August 16: Peggy Marsh, better known as Margaret Mitchell, the Pulitzer Prize winning author of Gone With The Wind dies on this day in 1949 after she crossed Peachtree Road in her hometown of Atlanta and is hit by a taxi driver. Fans gather at the hospital and calls come in from around the country and world seeking info on her status. Her funeral is so massive that passes are issued for attendees. When I was in Atlanta recently, heard that the driver was so despised that he had to move away.

August 17: Journalists John Reed and Louise Bryant set sail for Russia on this day in 1917 to report on the revolution.

August 18: Vladimir Nabokov’s Lolita published in the United States on this day in 1958.

August 19: The Polish-born Joseph Conrad becomes, on this day in 1866, an official British subject.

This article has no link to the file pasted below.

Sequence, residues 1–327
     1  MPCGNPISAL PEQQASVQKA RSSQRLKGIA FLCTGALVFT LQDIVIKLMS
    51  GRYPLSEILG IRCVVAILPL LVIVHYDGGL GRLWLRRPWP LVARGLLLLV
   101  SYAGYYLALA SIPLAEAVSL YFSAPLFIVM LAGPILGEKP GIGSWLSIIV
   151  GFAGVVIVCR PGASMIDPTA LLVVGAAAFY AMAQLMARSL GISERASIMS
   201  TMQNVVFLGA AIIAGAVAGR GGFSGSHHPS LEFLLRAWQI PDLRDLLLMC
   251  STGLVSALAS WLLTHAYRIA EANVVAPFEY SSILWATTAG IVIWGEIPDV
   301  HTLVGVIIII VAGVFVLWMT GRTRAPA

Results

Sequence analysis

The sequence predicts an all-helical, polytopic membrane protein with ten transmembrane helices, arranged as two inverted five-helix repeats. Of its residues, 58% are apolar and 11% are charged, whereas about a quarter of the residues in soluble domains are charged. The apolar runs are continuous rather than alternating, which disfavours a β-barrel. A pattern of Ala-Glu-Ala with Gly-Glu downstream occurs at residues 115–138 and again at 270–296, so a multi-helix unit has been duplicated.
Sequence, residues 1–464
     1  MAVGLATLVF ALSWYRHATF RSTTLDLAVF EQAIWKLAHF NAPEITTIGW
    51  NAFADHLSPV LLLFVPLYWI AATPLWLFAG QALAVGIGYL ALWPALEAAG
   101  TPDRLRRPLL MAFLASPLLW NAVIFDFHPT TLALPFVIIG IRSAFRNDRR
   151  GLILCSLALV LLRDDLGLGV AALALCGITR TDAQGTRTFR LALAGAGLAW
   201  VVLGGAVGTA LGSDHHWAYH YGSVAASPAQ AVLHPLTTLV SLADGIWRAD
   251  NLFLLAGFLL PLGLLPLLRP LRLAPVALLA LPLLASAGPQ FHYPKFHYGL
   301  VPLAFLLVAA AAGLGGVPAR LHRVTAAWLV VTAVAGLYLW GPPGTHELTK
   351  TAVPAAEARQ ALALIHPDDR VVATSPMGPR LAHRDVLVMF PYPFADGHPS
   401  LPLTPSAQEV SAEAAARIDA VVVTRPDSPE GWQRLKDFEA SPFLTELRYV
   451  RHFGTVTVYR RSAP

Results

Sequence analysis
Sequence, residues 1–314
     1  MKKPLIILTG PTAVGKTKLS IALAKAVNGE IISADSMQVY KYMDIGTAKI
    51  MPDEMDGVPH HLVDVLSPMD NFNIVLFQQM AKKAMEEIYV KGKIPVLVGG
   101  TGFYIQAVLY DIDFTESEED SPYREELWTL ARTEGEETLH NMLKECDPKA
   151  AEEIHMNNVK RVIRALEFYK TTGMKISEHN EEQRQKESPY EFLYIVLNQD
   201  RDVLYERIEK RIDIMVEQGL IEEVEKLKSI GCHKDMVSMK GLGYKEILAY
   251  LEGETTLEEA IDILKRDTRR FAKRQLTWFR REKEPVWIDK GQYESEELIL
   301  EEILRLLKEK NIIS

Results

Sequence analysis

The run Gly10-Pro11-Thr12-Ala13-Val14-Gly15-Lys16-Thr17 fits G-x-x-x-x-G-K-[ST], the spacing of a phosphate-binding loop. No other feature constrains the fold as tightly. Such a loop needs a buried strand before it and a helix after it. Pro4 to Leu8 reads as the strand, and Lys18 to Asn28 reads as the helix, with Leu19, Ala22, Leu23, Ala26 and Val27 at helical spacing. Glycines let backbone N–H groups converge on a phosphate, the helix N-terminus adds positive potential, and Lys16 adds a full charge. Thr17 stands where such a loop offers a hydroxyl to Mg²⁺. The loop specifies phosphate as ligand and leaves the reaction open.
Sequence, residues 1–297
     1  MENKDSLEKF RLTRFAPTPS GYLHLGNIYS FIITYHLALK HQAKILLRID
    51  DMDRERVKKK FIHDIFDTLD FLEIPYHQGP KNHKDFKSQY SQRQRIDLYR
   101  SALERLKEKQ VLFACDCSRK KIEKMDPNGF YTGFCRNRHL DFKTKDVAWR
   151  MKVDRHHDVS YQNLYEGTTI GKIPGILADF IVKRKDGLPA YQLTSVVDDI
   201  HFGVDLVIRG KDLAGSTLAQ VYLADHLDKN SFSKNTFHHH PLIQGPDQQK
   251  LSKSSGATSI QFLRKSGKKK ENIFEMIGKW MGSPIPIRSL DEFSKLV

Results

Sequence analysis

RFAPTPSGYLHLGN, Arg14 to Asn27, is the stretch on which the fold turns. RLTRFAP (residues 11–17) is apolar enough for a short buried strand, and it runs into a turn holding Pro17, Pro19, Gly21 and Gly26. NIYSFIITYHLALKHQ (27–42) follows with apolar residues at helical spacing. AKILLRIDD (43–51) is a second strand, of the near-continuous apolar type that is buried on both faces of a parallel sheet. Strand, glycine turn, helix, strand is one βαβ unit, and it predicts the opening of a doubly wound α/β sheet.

August 20: In 1904, the Abbey TheatreAmhraclann Na Mainistrich — is founded in Dublin by W.B. Yeats and Lady Augusta Gregory.

August 21: At the funeral for Honore de Balzac on this day in 1850, Victor Hugo delivers the oration for his fellow writer: “Monsieur de Balzac was one of the first among the greatest.”

August 22: Science fiction writer Ray Bradbury is born on this day in 1920 in Waukegan, Illinois.

August 23: Honore de Balzac‘s play Mercadet le Faiseur opens on this day in 1851, one year and five days after he died.

August 24: The first printing of the Gutenberg Bible is completed on this day in 1456.


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